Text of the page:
On July 15th, 2021, in the matter of Cruz-Valdez (Respondent), Attorney General Merrick Garland overruled the decision in the matter of Castro-Tum in its entirety, given by Attorney General Jeff Sessions in 2018. The new ruling has reinstated the immigration judges’ power to postpone deportation cases if a decision or ruling is pending in the related immigration cases. This article will provide an insight into the previous ruling, the facts of the present case, and what was overruled.
TABLE OF CONTENT
- EVENTS AFTER SESSION’S RULING
- FACTS OF THE PRESENT CASE
- WHAT WAS OVERRULED IN CRUZ-VALDEZ RULING?
In 2018, Attorney General Jeff Sessions concluded that the administrative closure (which is a tool used by the immigration judges to manage their busy dockets by temporarily pausing removal proceedings. The tool does not dismiss or terminate the deportation cases. Still, instead, it just removes a case from an Immigration Judge’s active calendar or from the board’s docket) was not authorized to an Immigration judge by any statute, regulation, or delegation from the Attorney General.
Session has based his conclusion that neither 8 C.F.R. §§ 1003.10(b) nor 1003.1(d)(1)(ii) provides the immigration judges or the Board power of administrative closure. 8 C.F.R. §§ 1003.10(b) nor 1003.1(d)(1)(ii) provides that the immigration judges or the Board may take any action consistent with their authorities under the Immigration and Nationality Act that is appropriate and necessary for the disposition of such deportation cases.
Sessions held that giving administrative closure to the immigration judges could lead to the indefinite suspension of the deportation cases, and disposition could not happen. Therefore he ruled that immigration judges cannot assume power of administrative disclosure.
EVENTS AFTER SESSION’S RULING
After the Castro-Tum ruling given by Attorney General Jeff Session, the 3rd Circuit, 4th Circuit, and 7th Circuit has rejected the conclusion and opined that the Immigration Judge holds the power of administrative closure.
The 6th Circuit has upheld the Castro-Tum ruling; however, despite that, it formed an opinion that the board and immigration judges have the power of administrative closure so that a noncitizen can apply for a provisional unlawful presence waiver.
The US Department of Justice issued a final rule in December that codifies Castro-Tum by expressly prohibiting administrative closure and aimed at resolving the conflict between the court of appeals. In March, a federal court in San Francisco issued a nationwide preliminary injunction halting the rule, alleging that the Department of Justice did not follow appropriate administrative procedures in adopting it.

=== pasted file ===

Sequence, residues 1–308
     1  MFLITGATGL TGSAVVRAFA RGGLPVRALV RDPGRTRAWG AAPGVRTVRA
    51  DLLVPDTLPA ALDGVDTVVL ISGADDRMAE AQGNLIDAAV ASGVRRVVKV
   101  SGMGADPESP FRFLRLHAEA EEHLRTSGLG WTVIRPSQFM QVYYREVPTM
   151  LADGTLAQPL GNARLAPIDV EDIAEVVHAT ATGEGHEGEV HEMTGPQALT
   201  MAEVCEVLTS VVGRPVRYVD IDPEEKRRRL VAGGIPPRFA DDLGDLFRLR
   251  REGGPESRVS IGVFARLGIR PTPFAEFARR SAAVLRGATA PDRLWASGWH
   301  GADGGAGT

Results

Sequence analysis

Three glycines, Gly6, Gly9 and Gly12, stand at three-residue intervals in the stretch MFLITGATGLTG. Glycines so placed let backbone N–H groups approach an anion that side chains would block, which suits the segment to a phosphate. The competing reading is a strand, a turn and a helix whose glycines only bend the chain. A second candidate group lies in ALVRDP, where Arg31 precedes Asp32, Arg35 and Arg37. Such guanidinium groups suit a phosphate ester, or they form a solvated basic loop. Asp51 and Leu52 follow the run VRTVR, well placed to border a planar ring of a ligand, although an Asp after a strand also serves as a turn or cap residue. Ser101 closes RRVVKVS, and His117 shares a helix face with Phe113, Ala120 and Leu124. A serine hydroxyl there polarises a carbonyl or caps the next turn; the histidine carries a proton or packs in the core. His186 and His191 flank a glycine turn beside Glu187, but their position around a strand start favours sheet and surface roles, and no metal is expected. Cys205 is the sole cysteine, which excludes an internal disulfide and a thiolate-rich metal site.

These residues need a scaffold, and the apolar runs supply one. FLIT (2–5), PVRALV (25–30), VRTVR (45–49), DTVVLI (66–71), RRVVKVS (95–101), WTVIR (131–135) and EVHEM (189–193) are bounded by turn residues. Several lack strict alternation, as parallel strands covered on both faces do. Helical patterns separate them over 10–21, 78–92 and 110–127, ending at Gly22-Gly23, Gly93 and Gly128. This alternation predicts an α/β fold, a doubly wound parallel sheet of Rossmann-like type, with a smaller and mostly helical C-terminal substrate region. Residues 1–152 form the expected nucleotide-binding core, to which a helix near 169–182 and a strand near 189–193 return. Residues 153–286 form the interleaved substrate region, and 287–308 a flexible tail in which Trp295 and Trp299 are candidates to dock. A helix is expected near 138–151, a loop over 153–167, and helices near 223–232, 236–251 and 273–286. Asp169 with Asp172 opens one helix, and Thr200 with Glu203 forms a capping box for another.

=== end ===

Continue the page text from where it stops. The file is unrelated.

FACTS OF THE PRESENT DEPORTATION CASES
Respondent, a Mexican citizen, sought before the immigration court to have his case administratively closed while he filed an application with USCIS for a Provisional Unlawful Presence Waiver. If approved, the application would temporarily waive the illegal presence basis of inadmissibility, enabling the respondent to travel to Mexico to complete his visa at a consulate before returning to the United States.
According to USCIS rules, noncitizens who are facing removal proceedings are ineligible for provisional illegal presence waiver “unless their removal proceedings are administratively closed and have not been rescheduled at the time of filing the application.”
Both the Immigration Judge and Board on appeal have denied the motion for administrative closure, stating that they are foreclosed to grant administrative closure by the Attorney General Jeff Session’s opinion in Castro-Tum.
WHAT WAS OVERRULED IN CRUZ-VALDEZ RULING?
In this case, Attorney General Merrick Garland has overruled Attorney General Jeff Session’s opinion in Castro-Tum. He deems it appropriate to overrule because the decision given by the immigration judge and the board on appeal rejecting the respondent’s motion for administrative closure was formed because of the Castro-Tum ruling.
Garland also opined that the immigration courts and the BIA should use the criteria established in the 2012 case Matter of Avetisyan when determining the appropriateness of administrative closure. The factors specified in the Avetisyan case were:
(1) the reason administrative closure is sought;
(2) the basis for any opposition to administrative closure;
(3) the likelihood the respondent will succeed on any petition, application, or other action they are pursuing outside of removal proceedings;
(4) the anticipated duration of the closure;
(5) the responsibility of either party, if any, in contributing to any current or anticipated delay; and
(6) the outcome of removal proceedings . . . when the case is re-calendared before the Immigration Judge or the appeal is reinstated before the board.
The Castro-Tum ruling departed from long-standing practice; Attorney General Merrick Garland deemed it appropriate to overrule that ruling in its entirety and reinstate the power of administrative closure to immigration judges and the board. And, the immigration judges and the board on appeal should use the standards laid down in Avetisyan to decide whether a specific case requires administrative disclosure or not.